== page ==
English historian Paul Kennedy: Today, young people are less attached to the crown: the monarchy will be worth less
We lose a queen loved by the people and who was a beacon of stability at a very difficult time for Great Britain: very high inflation, risks of economic depression, an energy crisis that affects it more than other European countries, from France to Germany to Sweden. But I have faith in king Charles III: I will try to keep the country united, even if it will not have the same charm as Elizabeth and he will have to work to build an image of impartiality similar to that of his mother.
Paul Kennedy, the English historian transplanted to the United StatesMade famous above all by the worldwide success of his Rise and Decline of the Great Powers, he reflects from his cottage at Yale, the university where he has taught for forty years, about the disappearance of Elizabeth II and the future of the British monarchy.
After so many years living in republican America, what feelings do you have towards the crown?
I’m certainly not an inveterate monarchist: I was born and raised in the working-class neighborhoods of Newcastle upon Tyne, like saying Genoa or La Spezia in Italy. In an environment of socialist tendencies. The love for the crown was breathed elsewhere, in the countryside. Welfare was more important to us. But I understand and share the great esteem that Elizabeth II enjoyed and I think that the monarchy can still be useful to Great Britain. There are few constitutional monarchies left in the world. But some of them are very decent, worthy. They are respected, they help maintain order in society in turbulent times, they strengthen democratic institutions. I don’t have much faith in today’s Tory and Labor political leaders. I believe that the monarchy, while losing weight, can still be a glue. Tolerable, with fewer flaws than the current US presidential system. It is not conceivable that it will be replaced in the short term by another institutional structure.
Seventy years of reign: for the British Elizabeth was the monarchy, they have known no other sovereigns. Carlo not a leap in the dark?
I appreciated Elisabetta for her institutional balance and because, thanks to her temperament and dedication, she was much loved. This helped keep the country united. I remember that many years ago, it must have been 2003, stopping in a Sussex village, I was invited to a party to celebrate the Queen’s Jubilee in which the whole population participated with enthusiasm: Elizabeth loved by all because decent, this word that means a lot with us, in the hand, not snooty, interested in the life of ordinary people, God-fearing, not corrupt, not ideological. A monarchy perceived not as a threat but as something reassuring in a bad world. Charles will be different, the monarchy will count less. But I believe it can still be successful.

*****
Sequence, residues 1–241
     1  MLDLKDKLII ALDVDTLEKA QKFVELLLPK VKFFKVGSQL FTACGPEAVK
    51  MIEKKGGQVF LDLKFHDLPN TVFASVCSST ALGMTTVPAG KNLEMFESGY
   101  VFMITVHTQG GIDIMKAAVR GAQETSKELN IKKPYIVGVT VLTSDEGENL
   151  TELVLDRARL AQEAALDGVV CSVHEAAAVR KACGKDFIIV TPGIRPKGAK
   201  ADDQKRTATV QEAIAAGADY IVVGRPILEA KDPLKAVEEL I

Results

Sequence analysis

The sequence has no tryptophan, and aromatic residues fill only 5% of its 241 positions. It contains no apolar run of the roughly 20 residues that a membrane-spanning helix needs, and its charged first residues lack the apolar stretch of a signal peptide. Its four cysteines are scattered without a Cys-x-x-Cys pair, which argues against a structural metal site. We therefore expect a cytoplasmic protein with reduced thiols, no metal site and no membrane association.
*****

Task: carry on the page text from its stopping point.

How to do? Not very popular nor does it have the image of Elizabeth’s impartiality, given the political views she has expressed over the past 50 years, from the strong environmentalist commitment to the criticism of the conservative government that wanted to send many asylum seekers to Rwanda.
For popularity I think he will lean on and give a lot of space to his son and heir, Prince William, and to Kate, who are much more loved than him. For the rest, he will change his regime as a sovereign: he will assume the attitude that we English call buttoned up, buttoned. He will no longer speak on political issues, although everyone will remember how he thinks about certain issues. But he won’t be leaking her point of view with press rumors.
And the centrifugal temptations of Scotland and Northern Ireland? Elizabeth managed to dab them. Will Carlo be able to do it too?
I am not sure, but the troubles here depend above all on the mistakes and on certain unreasonable choices of conservative governments. I hope they do not repeat themselves with the new premier Liz Truss, but I am not at all sure. We could have serious problems in Ireland if we persist in creating trade barriers with the EU. There is also a Scottish question, because of the independence temptations: we will see what happens in the next 5-10 years. Scotland has a loyalist tradition. We will understand in the future whether it was loyalty to Elizabeth, to the dynasty, or to the monarchical institution. The conservative party, which should be strengthened, is a monarchist. The Scottish National Party wants independence, but also to maintain a link with the Kingdom in the Commonwealth. Only the Republican left for total rupture. But a minority.
There is also a generational division. Surveys say that three-quarters of seniors like the monarchy but only 24 percent of 20-year-olds.
This is also a serious problem: young people are less traditional and less sentimental. This is why I say that, in any case, the monarchy will lose weight. But here the problem goes beyond the monarchy: it affects other fields, from religion with the churches of every denomination that have lost an entire generation, to politics: non-ideological, more attentive to their particular, often not very interested in the management of public affairs, young people can casually shift their vote from one extreme to the other.
September 12, 2022 (change September 12, 2022 | 10:03 am)
© REPRODUCTION RESERVED